History and Purpose
Racism has been a constant in the United States of America even before it was an internationally recognized country. Of course, the land we now call “America” was occupied by peoples different than the current residents. One could even say that this land was built on racism. Of the many things the Europeans did when they came to the New World in the 16th century was slavery, the most violent and overt form of racism (John W. Kincheloe, 2011). Times have changed and even though some people may want to believe racism doesn’t exist in America because of the outlawing of slavery in the 19th century and the civil rights act of 1964, racism still exists, just in different forms. Racism is still institutional and pervades every aspect of our culture. As one article states, “we’ve come a long way, but we still have a long way to go”, which is another way of saying that racism is less than it used to be in the US but much remains (Steinfels, 2019).
There have been many milestones that may show the dissipation of racism in the US, such as the election of Barack Obama. But for every positive milestone, there has been another millstone around the neck of this antiquated institution. For every step forward, there have been steps hack, these events are what Steinfels calls “small accomplishments with improbable lapses.” (Steinfels, 2019). A short walk through racism in America will start with slavery when the first slaves were brought to Jamestown in 1619 to the thriving slave trade in Montgomery, Alabama in the 19th century to the Jim Crow policies of the 1870s through 1960s that segregated black Americans and kept them from voting — at times through pure terrorism (Lopez, 2015). Then there are the subtler policies of today, which have racially disparate effects despite appearing race-neutral — including racial disparities in police use of force, the higher rates of incarceration among African Americans, and longer prison sentences black people tend to get when they’re convicted (Lopez, 2015). It is important to discuss this topic and study the history of racism so that people can get a proper perspective of racism. Knowing the deep historical roots of it can provide awareness and empathy while ignorance will allow people to perceive racism as less of a threat in our society.
This paper will discuss the plight and situation of African-Americans in American society. But before I discuss three aspects of racism in America we must define terms with which we will be engaging, for as Socrates said “the beginning of wisdom is the definition of terms.” (cornerstones, 2010) I will first define racism. Race is the social construct that artificially divides people into distinct groups based on characteristics, such as physical appearance (particularly color), ancestral heritage, cultural affiliation or history, ethnic classification, and/or the social, economic, and political needs of a society at a given period of time. Scientists agree that there is no biological or genetic basis for racial categories (Definition and Key Concepts, 2019). Racism is A system of advantage based on race and supported by institutional structures, policies, and practices that create and sustain advantages for the dominant white group while systematically subordinating members of targeted racial groups (Carlos Hoyt, 2012). This relative advantage for whites and subordination for people of color is supported by the actions of individuals, cultural norms and values, and the institutional structures and practices of society (Definition and Key Concepts, 2019). With these two terms defined we can discuss race and racism’s place in several sectors of American society: the educational system, the workplace, and society in general. In discussing racism’s place in the educational system I will discuss the school to prison pipeline.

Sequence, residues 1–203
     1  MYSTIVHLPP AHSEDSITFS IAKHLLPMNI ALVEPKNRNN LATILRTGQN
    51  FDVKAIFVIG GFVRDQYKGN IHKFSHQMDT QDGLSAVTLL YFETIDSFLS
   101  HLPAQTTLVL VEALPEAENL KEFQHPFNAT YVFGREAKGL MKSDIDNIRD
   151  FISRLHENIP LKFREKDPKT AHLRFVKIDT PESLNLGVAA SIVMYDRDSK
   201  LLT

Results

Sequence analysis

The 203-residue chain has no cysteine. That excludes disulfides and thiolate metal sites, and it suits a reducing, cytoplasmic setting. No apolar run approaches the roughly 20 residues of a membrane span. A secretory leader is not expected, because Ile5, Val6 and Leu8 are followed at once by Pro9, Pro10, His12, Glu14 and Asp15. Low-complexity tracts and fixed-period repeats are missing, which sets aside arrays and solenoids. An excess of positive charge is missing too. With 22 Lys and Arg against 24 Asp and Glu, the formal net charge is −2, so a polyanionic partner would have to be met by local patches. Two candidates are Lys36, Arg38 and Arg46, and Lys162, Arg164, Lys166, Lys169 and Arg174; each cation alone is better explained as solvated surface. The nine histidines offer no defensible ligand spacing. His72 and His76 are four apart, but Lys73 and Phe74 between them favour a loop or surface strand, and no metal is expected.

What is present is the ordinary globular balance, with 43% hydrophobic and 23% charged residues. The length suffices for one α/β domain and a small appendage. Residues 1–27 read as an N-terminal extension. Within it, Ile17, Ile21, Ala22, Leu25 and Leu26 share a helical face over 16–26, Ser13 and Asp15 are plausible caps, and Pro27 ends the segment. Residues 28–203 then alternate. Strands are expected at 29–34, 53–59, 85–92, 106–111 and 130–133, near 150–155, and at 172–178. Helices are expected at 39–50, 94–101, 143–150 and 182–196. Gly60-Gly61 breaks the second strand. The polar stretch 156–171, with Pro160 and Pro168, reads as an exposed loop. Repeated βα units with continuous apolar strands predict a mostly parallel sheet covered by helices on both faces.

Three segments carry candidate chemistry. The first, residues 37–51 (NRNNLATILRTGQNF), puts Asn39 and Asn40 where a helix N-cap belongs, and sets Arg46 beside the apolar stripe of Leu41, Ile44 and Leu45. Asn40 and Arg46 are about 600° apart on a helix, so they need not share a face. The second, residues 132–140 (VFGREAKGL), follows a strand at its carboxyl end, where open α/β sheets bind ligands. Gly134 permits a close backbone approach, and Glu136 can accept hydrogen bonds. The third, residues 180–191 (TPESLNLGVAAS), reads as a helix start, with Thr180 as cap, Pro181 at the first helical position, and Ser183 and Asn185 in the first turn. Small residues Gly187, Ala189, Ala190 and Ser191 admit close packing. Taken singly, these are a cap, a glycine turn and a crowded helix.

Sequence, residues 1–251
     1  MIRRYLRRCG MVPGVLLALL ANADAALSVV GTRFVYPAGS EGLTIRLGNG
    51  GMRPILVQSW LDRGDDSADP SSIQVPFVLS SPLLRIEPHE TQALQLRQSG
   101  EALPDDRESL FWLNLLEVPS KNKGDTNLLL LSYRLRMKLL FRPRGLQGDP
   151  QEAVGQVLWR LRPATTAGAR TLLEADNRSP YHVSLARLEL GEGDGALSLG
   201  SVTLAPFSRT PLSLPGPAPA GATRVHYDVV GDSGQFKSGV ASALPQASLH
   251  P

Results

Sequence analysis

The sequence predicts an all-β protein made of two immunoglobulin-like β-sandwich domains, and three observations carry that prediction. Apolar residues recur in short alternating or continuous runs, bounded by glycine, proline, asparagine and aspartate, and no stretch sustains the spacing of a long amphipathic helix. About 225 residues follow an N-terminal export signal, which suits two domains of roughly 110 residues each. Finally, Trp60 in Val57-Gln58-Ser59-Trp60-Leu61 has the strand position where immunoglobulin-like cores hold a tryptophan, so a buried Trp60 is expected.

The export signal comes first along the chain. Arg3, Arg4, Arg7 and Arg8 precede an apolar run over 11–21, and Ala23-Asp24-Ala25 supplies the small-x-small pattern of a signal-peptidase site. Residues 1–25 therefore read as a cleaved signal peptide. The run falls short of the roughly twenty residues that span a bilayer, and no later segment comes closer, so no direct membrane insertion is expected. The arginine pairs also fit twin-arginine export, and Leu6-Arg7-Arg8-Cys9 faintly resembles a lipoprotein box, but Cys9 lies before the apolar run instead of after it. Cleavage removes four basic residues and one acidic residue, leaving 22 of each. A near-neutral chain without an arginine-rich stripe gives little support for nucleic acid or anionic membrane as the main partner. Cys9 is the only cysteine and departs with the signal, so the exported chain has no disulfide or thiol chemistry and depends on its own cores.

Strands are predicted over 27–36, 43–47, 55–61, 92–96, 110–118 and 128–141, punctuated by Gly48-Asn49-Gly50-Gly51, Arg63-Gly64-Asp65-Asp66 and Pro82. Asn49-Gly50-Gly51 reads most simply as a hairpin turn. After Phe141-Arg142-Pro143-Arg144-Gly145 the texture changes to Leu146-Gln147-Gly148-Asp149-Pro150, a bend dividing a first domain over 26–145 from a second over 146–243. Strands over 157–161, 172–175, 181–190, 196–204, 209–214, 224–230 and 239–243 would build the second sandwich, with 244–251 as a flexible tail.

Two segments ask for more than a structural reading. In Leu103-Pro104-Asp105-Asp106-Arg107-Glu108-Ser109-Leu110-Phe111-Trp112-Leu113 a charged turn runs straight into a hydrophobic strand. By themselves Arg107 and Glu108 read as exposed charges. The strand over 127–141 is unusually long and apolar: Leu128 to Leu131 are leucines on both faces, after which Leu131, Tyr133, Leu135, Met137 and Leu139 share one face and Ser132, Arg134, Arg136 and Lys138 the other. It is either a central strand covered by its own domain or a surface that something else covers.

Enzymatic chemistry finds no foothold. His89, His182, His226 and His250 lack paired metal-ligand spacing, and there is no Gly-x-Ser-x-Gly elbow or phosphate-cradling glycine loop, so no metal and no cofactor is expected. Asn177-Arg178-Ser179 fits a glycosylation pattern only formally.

The “school to prison pipeline” is the idea that there is an institutional push to ensure students from a certain race are not given adequate educational opportunities and instead moved to the penal system. It is a process of criminalizing youth that is carried out by disciplinary policies and practices within schools that put students into contact with law enforcement and once they are put into contact with law enforcement for disciplinary reasons, many are then pushed out of the educational environment and into the juvenile and criminal justice systems (Nicki Lisa Cole, 2019). This system works via two key forces that produced and now maintain the school-to-prison pipeline: the use of zero-tolerance policies that mandate exclusionary punishments and the presence of SROs on campuses (Nicki Lisa Cole, 2019). For example, behavior that once just meant a trip to the principal’s office or a call to the parents is now met with suspension, exclusion from school, or arrest (ADL, 2019). The role of racism is evident when one looks at the statistics of the students that are sent into the school-to-prison pipeline. Black and American Indian Students Face Harsher Punishments and Higher Rates of Suspension and Expulsion. While Black people are just 13 percent of the total U.S. population, they comprise the greatest percentage of people in prisons and jails – 40 percent (Nicki Lisa Cole, 2019). In contrast, white people make up just 39 percent of the incarcerated population, despite the fact that they are the majority race in the U.S., comprising 64 percent of the national population (Nicki Lisa Cole, 2019). While the school-to-prison pipeline theory has a significant impact on younger people, students, if they avoid the school-to-prison pipeline, and graduate school and go on to the workplace, there are challenges that remain in the workplace.